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Dr Claudine Van Hensbergen

Associate Professor

Department: Humanities

I joined the department at Northumbria in 2012 having completed a doctorate at Oxford University in 2010, and held research posts at Oxford University, York University and Tate Britain. 

Campus Address

Office: Lipman 020



Qualifications

  • BA (Hons)
  • MSt
  • DPhil
  • Associate Fellow (AFHEA) Higher Education Academy (HEA)

Key Publications

  • Please visit the Pure Research Information Portal for further information
  • The Female Wits: Gender, Satire, and Drama, Van Hensbergen, C. 30 Jul 2019, The Oxford Handbook of Eighteenth-Century Satire, Oxford, Oxford University Press
  • Anne Oldfield’s Domestic Interiors: Auctions, Material Culture and Celebrity, Van Hensbergen, C. 20 Jun 2018, Intimacy and Celebrity in Eighteenth-Century Literary Culture, Springer
  • Secret History and Amatory Fiction, van Hensbergen, C. May 2017, The Secret History in Literature, 1660-1820, Cambridge University Press
  • Unlocking The Cabinet of Love: Rochester, Reputation and the Eighteenth-Century Miscellany, van Hensbergen, C. Jan 2017, In: Eighteenth-Century Life
  • Public Sculpture of Queen Anne: The Minehead Commission (1715), van Hensbergen, C. 3 May 2016, Court, Country, City: Essays on British Art and Architecture, 1660--1735, Yale University Press
  • The Plays and Poems of Nicholas Rowe: The Late Plays, Bernard, S., van Hensbergen, C. 26 Oct 2016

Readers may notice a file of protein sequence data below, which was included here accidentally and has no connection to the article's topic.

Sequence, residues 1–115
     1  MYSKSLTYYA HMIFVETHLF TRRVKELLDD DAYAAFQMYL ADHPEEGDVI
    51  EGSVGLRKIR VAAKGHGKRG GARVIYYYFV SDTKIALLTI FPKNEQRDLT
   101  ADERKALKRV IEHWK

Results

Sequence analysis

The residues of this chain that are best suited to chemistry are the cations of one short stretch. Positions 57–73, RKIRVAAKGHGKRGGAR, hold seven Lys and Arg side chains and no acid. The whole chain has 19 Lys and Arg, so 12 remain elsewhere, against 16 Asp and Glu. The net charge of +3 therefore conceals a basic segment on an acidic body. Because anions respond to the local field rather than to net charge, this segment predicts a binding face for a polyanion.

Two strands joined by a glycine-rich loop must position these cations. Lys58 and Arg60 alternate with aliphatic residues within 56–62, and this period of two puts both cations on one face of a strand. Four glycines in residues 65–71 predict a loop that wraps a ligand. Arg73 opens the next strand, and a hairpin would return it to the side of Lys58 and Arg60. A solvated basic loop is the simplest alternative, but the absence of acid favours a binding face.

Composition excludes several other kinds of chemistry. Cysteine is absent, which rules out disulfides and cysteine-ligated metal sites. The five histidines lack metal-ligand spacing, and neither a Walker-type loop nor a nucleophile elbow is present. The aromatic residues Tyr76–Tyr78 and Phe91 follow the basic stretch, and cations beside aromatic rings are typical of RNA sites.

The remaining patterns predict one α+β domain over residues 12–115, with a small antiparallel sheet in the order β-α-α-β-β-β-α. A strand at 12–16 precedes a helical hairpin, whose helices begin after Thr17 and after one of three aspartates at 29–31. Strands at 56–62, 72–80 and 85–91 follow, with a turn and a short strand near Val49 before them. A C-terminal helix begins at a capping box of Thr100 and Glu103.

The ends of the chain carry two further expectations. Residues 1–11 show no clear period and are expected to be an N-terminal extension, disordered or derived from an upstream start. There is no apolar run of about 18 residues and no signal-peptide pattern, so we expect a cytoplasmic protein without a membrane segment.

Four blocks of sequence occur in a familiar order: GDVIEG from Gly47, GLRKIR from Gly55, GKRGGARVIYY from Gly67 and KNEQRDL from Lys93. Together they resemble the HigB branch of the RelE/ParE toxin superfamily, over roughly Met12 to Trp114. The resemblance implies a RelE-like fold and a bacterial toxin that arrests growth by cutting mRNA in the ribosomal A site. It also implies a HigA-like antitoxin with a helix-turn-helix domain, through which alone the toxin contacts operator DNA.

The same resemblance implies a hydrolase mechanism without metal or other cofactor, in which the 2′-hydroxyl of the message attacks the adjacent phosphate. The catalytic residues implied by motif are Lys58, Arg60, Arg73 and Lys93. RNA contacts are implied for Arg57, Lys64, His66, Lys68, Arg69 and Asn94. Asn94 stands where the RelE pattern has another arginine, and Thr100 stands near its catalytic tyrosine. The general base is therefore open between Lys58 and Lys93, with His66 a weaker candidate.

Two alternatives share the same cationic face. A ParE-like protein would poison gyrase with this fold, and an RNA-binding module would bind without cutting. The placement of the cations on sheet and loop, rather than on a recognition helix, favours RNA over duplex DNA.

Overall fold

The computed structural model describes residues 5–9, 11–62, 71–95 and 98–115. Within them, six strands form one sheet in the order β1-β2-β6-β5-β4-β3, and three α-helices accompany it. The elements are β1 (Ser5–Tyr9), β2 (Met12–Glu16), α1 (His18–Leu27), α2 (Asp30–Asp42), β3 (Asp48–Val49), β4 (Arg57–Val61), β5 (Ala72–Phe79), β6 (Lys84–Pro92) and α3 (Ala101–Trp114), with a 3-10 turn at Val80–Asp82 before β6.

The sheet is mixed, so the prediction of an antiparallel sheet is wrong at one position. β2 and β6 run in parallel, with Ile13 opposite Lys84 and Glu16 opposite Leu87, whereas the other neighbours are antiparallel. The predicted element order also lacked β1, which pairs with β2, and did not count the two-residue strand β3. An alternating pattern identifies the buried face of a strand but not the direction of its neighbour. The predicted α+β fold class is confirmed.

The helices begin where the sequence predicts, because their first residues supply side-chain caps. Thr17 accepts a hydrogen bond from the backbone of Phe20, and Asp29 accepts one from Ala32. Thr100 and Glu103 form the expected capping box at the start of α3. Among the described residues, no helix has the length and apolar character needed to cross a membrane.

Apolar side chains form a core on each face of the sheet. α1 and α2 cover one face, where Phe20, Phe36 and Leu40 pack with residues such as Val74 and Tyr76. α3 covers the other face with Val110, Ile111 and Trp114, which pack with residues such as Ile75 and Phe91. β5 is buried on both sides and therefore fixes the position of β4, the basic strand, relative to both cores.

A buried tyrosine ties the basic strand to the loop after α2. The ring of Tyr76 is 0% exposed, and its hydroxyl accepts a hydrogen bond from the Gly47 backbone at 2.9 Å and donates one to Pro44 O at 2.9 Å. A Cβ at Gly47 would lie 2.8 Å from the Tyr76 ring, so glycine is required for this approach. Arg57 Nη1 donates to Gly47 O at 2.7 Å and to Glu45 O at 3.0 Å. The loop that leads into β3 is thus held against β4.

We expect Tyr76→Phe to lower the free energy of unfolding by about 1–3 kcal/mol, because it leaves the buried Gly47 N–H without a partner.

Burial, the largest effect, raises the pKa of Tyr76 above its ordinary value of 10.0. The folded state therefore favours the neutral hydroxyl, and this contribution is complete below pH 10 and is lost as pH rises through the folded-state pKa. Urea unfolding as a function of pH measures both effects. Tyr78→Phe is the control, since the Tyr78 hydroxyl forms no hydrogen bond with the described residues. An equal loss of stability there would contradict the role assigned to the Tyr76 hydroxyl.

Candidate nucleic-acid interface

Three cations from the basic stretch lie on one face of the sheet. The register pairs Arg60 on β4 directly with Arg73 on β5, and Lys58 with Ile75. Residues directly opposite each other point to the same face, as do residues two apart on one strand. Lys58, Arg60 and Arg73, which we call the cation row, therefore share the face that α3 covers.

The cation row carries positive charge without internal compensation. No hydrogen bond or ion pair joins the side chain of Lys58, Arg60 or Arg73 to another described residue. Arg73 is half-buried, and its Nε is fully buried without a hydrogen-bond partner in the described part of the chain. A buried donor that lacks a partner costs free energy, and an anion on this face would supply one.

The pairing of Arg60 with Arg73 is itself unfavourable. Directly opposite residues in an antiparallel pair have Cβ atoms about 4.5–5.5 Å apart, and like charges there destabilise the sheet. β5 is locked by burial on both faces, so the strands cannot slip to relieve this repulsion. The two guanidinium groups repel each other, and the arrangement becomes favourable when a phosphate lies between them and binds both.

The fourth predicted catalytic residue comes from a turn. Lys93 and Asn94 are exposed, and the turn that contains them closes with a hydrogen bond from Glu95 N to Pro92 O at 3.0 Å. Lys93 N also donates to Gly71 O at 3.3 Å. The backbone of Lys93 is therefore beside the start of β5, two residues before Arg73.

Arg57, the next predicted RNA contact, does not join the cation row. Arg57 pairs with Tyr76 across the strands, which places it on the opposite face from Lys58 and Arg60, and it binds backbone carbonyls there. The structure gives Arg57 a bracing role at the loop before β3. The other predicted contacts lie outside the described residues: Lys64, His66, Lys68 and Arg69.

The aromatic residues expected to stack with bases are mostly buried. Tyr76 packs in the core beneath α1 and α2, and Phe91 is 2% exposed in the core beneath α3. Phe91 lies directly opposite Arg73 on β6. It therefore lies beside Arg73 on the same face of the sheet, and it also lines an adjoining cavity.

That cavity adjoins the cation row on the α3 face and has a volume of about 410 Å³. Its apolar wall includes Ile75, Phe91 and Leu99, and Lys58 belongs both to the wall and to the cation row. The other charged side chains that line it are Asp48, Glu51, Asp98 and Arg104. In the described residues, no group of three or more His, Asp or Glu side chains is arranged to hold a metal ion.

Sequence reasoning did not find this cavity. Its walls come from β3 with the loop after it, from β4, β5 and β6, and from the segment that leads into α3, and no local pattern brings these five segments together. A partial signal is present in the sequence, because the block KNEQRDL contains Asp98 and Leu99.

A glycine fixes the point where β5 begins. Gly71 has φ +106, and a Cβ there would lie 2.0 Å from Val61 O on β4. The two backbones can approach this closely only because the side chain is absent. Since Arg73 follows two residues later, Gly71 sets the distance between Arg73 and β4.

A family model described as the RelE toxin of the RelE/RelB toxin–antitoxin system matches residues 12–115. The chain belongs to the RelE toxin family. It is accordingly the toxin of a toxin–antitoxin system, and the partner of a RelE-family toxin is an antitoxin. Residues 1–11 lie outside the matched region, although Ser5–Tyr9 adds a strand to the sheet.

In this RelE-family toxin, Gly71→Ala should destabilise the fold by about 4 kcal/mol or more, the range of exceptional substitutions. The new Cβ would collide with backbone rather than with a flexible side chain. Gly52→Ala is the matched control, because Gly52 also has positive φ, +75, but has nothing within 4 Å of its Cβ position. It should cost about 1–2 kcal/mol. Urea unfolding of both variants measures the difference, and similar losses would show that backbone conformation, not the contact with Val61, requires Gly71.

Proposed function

• Carving a Legacy: Public Sculpture of Queen Anne,c.1704-1712, van Hensbergen, C. Jun 2014, In: Journal for Eighteenth-Century Studies
  • 'All the World Knows Her storie': Aphra Behn and the Duchess of Mazarin, van Hensbergen, C. 2012, Prostitution and eighteenth-century culture: sex, commerce and morality, London, Pickering & Chatto
  • "Why I Write Them, I Can Give No Account": Aphra Behn and "Love-Letters to a Gentleman" (1696), van Hensbergen, C. 2011, In: Eighteenth-Century Life
  • Towards an epistolary discourse: receiving the eighteenth-century letter, van Hensbergen, C. Jul 2010, In: Literature Compass

Further Information

Funding Awards and Fellowships 

AHRC Leadership Award (ECR), ‘Learning through the Art Gallery: Art, Literature and Disciplinarity’ (PI), March 2019-Feb 2021. This grant (£189,346) supports my research for a new monograph exploring the relationship between art and literature, 1660-1735, and underwrites a collaborative project with the Laing and Shipley art galleries. 

Museum-University Partnership Initiative Award, Arts Council England (PI), May 2017. I was the lead applicant on two successful bids for seed funds to initiate collaborative projects with the Laing Gallery, Newcastle (£600), and the Georgian Theatre Royal, Richmond (£800). 

UK ‘Being Human’ Festival of Humanities, Regional Hub Award (PI), April 2015. Funding awarded by the School of Advanced Studies, London, and underwritten by the AHRC and British Academy. 

Visiting Fellowship, Chawton House Library, June 2014. 

UK ‘Being Human’ Festival of Humanities Award (PI), April 2014. Funding awarded by the School of Advanced Studies, London, and underwritten by the AHRC and British Academy. 

Roberto Scipioni Bursary, St. Edmund Hall, Oxford University, Sept 2010.

Arts and Humanities Research Council Doctoral Award, Sept 2006-August 2009.

 

Collaborations with External Partners 

I have been collaborating with the Laing Art Gallery for several years. The origins of this partnership lie in my teaching for the second-year option, ‘Working with our Cultural Heritage’, for which I lead teaching on the relationship between literature and visual culture, and which involves a visit to the Laing. In recent years our collaborative activities have extended to supervision of MRes projects working on literary resonances with the Laing’s collections, opportunities for Collaborative Doctoral Awards (CDAs) advertised through the AHRC-funded Northern Bridge Consortium, and public lectures at the gallery given by Northumbria staff.